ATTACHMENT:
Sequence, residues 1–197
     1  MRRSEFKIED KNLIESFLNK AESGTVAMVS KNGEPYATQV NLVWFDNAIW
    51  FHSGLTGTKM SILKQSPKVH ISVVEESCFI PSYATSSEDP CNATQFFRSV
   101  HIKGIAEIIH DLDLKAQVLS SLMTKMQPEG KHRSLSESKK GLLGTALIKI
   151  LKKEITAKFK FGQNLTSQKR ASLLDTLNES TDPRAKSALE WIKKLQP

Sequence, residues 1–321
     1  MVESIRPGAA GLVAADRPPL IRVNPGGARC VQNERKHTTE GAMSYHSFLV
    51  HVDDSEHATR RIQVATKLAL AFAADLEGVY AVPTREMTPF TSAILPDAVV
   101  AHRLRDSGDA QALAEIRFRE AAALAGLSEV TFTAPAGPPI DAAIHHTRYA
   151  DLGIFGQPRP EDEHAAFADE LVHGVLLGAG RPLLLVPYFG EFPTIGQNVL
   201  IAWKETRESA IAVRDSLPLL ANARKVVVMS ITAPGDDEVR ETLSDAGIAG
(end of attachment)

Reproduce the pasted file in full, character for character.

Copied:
Sequence, residues 1–197
     1  MRRSEFKIED KNLIESFLNK AESGTVAMVS KNGEPYATQV NLVWFDNAIW
    51  FHSGLTGTKM SILKQSPKVH ISVVEESCFI PSYATSSEDP CNATQFFRSV
   101  HIKGIAEIIH DLDLKAQVLS SLMTKMQPEG KHRSLSESKK GLLGTALIKI
   151  LKKEITAKFK FGQNLTSQKR ASLLDTLNES TDPRAKSALE WIKKLQP

Sequence, residues 1–321
     1  MVESIRPGAA GLVAADRPPL IRVNPGGARC VQNERKHTTE GAMSYHSFLV
    51  HVDDSEHATR RIQVATKLAL AFAADLEGVY AVPTREMTPF TSAILPDAVV
   101  AHRLRDSGDA QALAEIRFRE AAALAGLSEV TFTAPAGPPI DAAIHHTRYA
   151  DLGIFGQPRP EDEHAAFADE LVHGVLLGAG RPLLLVPYFG EFPTIGQNVL
   201  IAWKETRESA IAVRDSLPLL ANARKVVVMS ITAPGDDEVR ETLSDAGIAG